August 12, 2020

All You Need to Know About Time

posted on: Thursday April 22, 2010

Dara Plath ’13 / Asst. Portfolio Editor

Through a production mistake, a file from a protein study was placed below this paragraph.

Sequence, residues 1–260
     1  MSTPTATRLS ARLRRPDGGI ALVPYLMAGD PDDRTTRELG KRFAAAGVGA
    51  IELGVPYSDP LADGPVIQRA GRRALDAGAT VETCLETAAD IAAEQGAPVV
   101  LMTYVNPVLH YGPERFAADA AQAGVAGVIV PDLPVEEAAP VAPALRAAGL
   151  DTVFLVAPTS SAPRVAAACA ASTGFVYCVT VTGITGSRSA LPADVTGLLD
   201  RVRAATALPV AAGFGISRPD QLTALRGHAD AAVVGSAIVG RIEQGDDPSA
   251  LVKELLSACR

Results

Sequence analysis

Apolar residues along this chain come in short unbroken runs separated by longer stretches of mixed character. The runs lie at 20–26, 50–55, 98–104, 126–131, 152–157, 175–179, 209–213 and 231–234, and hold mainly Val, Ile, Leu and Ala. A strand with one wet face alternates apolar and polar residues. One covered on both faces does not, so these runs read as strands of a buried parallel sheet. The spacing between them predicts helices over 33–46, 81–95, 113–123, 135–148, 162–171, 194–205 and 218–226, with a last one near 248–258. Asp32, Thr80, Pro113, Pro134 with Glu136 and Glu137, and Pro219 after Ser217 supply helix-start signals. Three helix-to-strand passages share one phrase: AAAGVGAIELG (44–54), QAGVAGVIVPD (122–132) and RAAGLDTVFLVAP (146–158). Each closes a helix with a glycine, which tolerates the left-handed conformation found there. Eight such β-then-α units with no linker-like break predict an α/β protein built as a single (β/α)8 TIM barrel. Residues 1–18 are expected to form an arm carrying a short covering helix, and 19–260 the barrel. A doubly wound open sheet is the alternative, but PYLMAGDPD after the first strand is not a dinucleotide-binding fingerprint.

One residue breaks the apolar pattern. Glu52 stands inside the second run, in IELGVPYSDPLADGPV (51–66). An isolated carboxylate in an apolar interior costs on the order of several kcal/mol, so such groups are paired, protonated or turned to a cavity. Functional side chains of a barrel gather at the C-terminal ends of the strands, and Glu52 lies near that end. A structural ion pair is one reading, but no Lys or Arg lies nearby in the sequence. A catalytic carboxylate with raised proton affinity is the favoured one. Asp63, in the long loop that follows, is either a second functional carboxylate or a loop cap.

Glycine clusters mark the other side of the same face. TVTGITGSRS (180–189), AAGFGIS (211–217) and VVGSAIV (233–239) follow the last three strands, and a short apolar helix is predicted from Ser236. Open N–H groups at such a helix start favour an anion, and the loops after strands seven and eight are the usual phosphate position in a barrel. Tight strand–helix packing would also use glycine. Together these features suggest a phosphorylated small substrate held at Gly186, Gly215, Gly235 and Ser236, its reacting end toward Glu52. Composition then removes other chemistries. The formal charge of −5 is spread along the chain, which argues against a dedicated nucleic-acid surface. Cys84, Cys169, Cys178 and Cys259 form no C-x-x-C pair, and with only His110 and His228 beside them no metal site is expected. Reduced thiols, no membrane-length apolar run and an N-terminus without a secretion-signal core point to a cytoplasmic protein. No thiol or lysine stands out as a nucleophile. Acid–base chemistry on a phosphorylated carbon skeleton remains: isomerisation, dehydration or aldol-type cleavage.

Crammington Square used to be an area in the city where all of the rich, well-to-do people would spend their time. One could find bankers in black or navy suits eating their lunch on benches, most likely sandwiches prepared by their wives or bought from the expensive deli down the street. Women wearing shiny heels and colorful scarves could also be found pushing baby carriages of pink or blue lace. Children, their faces dirty with mud, would chase each other around the ornately sculpted fountain. Every now and then, one of them would retrieve a penny from their parents and toss it into the shimmering water with a wish.It was in this exact location that Louis Sherwood appeared. Not out in the open where everyone could witness him materialize out of thin air, but behind a tree where the only creature present was a squirrel who quickly scampered away. He shook out his arms and legs and clasped and unclasped his fingers in an attempt to escape the tingling sensation that would overcome his body whenever he reappeared in a different place. Louis stepped out from behind the tree and took in his surroundings. The air was cool and felt good on his burning skin, another side effect of his travels. There was something else in the air, a heavy, salty smell which drifted slowly through his nose and made his mouth water: hotdogs. His stomach grumbled painfully and he tried to think back to the last time he ate something, or more appropriately, think forward. But now was not the time to muse upon such niceties as food, for he had a job to do.Lying on a bench next to him was an abandoned newspaper fluttering slightly in the breeze. Louis picked it up and searched for the date: March 23, 1952. He threw the paper back down, and from inside his faded brown trousers, he pulled out a small piece of paper. On it was a name scribbled in his scratchy handwriting: Brenda Stevens.The name had a certain ring to it. He could image seeing a name like that on some movie poster about a man and woman falling in love despite adverse circumstances. The woman would be beautiful with skin that seemed to glow with an ageless radiance. The man would be handsome with large dimples and maybe some dignified creases around his eyes. Perhaps Brenda Stevens would grow up to become an actress, or maybe not. It didn’t really matter to Louis what she decided to do with her life, because his main concern was saving it.At this point, you may be wondering exactly who Louis Sherwood is. To the people meandering along Crammington Square, Louis would seem like any ordinary man. There were no special nuances to distinguish him from the bankers eating their lunch, except of course that he had no lunch to eat. Louis had a serious manner to him, as if he knew too much about the world, and this knowledge weighed him down. I guess in a way, this is true.As you may have speculated from the beginning of this story, Louis was a time traveler. Employed by some mysterious benefactor, he was sent on trips to recover missing artifacts, learn long-forgotten secrets, and at times, to save certain people. Brenda Stevens was one of those people. Louis never asked questions about his assignments. The client paid him an inexhaustible sum of money for his troubles, and in all honesty, he didn’t really care. This indifferent nature stemmed from a childhood spent in foster homes and an early adult life spent in jail for shoplifting. However, this is all you need to know about Louis Sherwood for now, so I’ll get back to the story.Louis gazed out at the park stretching before him. It was late afternoon and the sun was beginning to sink behind the trees, casting the entire setting in a golden sheen. She would make herself visible to him. They always did. It was as if the universe, in its infinite wisdom, knew that he was looking for her. Just then, a young boy, probably around ten or twelve, darted past Louis with a white glove raised high above his head. He seemed to have stolen it from a girl standing on the opposite side of the fountain, her hands on her hips in an ostentatious display of annoyance. Brenda, you can’t get me! screamed the boy.Louis stared at the girl across from him, the one whose name he thought should belong to some movie star. She was beautiful, though not in the way Hollywood actresses were. Instead, she emitted an air of confidence which defined the contours of her face and gave her an almost exotic appearance; as if she belonged in the sacred pyramids of ancient Egypt, forever preserved in a halo of gold and turquoise.She seemed to be staring at the fountain as the water cascaded down the edges and into the rippling pool. However, as he moved a few steps closer, he noticed that she was actually staring at him, her eyebrows arched in a curious expression. Louis couldn’t shake the sudden feeling that overwhelmed him as he gazed back into her brown eyes. It was as if every nerve in his body was quivering in anticipation, though of what, he did not know. His heart started to speed up and every breath he took seemed deliberate and heavy, as if laced with a coat of sticky syrup.A wave of panic suddenly swept through him as Louis realized that his skin was taking on a gauzy appearance. He could almost feel himself being whisked away from the present, Brenda’s present. There wasn’t enough time. He couldn’t save her before he disappeared. Louis reached out his hand in an attempt at forewarning, but the girl only continued to stare back, transfixed by the strange event transpiring before her. The last thing Louis saw was the young boy running around the fountain, the white glove suspended above him like a fluttering dove.When Louis arrived back at his present, he was a changed man. He quit his job as a time traveler and slowly disappeared within the masses of the populace. I don’t think he left his employment out of guilt for not saving the girl’s life, nor do I believe he just became tired of his unique occupation. Instead, I think Louis was simply afraid—afraid of the reality that what he had felt that day in 1952 was nothing more than his body moving in time. He simply decided that he wanted to truly be a part of his present. In the end, don’t we all?